And: “If YouTube were a country, we’d be the third largest in the world after China and India.”
YouTube isn’t the only social network celebrating. Twitter is seven years old today. Can you even remember a time before tweets? Crazy. So congrats to Twitter too! Video commemoration below.
Even as these networks become more and more ingrained in our daily existences, there are new things right around the bend. And what’s old is new again! Vevo, the music video channel on YouTube, has announced that it will be starting a 24-hour music network online that will be going to television later this year. I want my Vevo TV! (For those who can remember the old MTV commercials.) According to Bloomberg, it’s all about the money, as the company tries to raise some and then make some.
And more companies are getting into the video game, with Conde Nast launching a video network based on its mags, Glamour and GQ.
Then you have digital giant Facebook trying to ramp up its digital game, possibly with hashtags.
So even as we stop to recognize these milestones, the tech world keeps moving along at a rapid clip.
Simon Cowell, the sharp-tongued Brit behind American Idol and The X Factor, has unveiled a new YouTube channel, The You Generation, dedicated entirely to audition videos. It will launch today in 26 countries.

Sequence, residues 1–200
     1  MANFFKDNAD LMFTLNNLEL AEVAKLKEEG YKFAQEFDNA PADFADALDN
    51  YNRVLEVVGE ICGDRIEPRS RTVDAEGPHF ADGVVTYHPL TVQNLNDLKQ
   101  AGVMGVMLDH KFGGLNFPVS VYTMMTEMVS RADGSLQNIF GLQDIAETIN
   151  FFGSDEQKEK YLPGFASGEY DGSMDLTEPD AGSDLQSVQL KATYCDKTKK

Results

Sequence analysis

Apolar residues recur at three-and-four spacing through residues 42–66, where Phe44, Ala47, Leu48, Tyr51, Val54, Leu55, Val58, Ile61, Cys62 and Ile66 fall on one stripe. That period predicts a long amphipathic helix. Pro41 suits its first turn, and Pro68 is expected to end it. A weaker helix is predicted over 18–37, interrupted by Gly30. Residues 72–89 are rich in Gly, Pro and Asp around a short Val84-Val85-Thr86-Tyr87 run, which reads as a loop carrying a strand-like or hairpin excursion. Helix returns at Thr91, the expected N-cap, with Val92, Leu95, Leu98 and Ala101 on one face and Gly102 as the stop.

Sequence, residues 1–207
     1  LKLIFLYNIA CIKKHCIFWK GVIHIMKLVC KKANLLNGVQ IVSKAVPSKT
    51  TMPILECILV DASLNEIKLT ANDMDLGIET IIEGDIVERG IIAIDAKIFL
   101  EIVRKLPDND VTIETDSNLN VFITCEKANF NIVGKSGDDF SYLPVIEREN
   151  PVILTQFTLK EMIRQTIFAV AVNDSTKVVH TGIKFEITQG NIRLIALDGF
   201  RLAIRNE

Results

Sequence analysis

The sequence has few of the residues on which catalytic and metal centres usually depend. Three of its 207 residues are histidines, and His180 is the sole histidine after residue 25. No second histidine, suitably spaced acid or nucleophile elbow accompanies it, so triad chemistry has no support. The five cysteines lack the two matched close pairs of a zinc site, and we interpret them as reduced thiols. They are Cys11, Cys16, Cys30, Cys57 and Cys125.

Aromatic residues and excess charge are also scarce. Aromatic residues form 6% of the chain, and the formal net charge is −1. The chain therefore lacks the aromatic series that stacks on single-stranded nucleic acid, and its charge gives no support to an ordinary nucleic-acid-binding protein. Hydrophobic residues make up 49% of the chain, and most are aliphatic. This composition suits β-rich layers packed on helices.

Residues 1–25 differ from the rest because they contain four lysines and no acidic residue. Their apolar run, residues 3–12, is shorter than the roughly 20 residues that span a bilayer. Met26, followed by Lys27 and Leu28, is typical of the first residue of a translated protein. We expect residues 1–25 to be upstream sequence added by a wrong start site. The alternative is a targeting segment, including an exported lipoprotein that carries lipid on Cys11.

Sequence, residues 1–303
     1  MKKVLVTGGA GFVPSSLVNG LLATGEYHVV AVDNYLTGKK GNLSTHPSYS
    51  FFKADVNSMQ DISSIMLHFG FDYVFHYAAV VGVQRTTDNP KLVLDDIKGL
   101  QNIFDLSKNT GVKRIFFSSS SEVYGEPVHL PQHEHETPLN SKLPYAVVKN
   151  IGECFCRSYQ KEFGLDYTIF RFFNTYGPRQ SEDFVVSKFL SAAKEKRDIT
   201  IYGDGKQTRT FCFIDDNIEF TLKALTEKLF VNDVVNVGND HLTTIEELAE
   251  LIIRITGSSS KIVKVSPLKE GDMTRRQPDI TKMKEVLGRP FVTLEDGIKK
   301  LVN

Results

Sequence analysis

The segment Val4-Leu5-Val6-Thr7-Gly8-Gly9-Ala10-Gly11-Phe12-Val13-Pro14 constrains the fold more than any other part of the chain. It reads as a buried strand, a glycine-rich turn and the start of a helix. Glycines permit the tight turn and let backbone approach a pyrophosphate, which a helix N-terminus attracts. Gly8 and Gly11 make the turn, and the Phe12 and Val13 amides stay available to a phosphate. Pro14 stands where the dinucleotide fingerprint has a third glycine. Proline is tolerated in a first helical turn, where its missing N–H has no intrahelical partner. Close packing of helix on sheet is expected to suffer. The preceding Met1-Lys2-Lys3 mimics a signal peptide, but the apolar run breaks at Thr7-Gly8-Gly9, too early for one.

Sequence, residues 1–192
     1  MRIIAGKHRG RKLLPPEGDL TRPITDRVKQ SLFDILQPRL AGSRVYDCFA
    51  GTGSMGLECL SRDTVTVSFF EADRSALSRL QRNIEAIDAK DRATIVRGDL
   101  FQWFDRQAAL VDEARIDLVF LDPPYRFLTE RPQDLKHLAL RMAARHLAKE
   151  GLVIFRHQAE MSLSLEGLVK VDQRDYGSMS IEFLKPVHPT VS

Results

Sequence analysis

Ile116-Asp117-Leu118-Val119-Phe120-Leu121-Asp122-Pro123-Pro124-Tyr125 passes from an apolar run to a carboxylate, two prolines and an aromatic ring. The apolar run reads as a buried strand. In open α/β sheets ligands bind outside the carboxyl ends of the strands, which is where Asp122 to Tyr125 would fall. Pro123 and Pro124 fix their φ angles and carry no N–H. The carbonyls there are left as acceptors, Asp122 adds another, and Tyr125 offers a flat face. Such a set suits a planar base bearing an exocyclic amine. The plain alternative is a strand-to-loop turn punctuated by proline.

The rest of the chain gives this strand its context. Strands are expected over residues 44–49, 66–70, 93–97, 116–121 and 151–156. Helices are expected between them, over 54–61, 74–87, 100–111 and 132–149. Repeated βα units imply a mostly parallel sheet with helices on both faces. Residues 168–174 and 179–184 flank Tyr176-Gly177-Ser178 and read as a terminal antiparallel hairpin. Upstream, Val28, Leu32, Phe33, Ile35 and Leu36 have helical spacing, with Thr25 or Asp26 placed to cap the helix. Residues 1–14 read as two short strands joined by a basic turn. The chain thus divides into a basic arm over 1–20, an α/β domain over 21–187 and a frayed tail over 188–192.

According to Reuters, Syco Entertainment, the joint venture between Cowell and Sony Entertainment, will be holding competitions every two weeks (26 total) over the next year in which people will have the chance to upload a video of themselves showing their skills for the chance at a cash prize. And this isn’t just about singing. The videos can showcase style skills, cooking prowess, and talent in lots of other areas. All of this is leading to a grand prize of some sort. The channel already has more than 89,000 subscribers.
Reuters goes on to say that Cowell is taking his cues from the feedback that he sees happening online as the ratings for his television shows start to slip. There’s been a shift in where the excitement is in some ways. So even if you’re not planning on auditioning, there a lesson to be learned here about which way the entertainment industry is headed.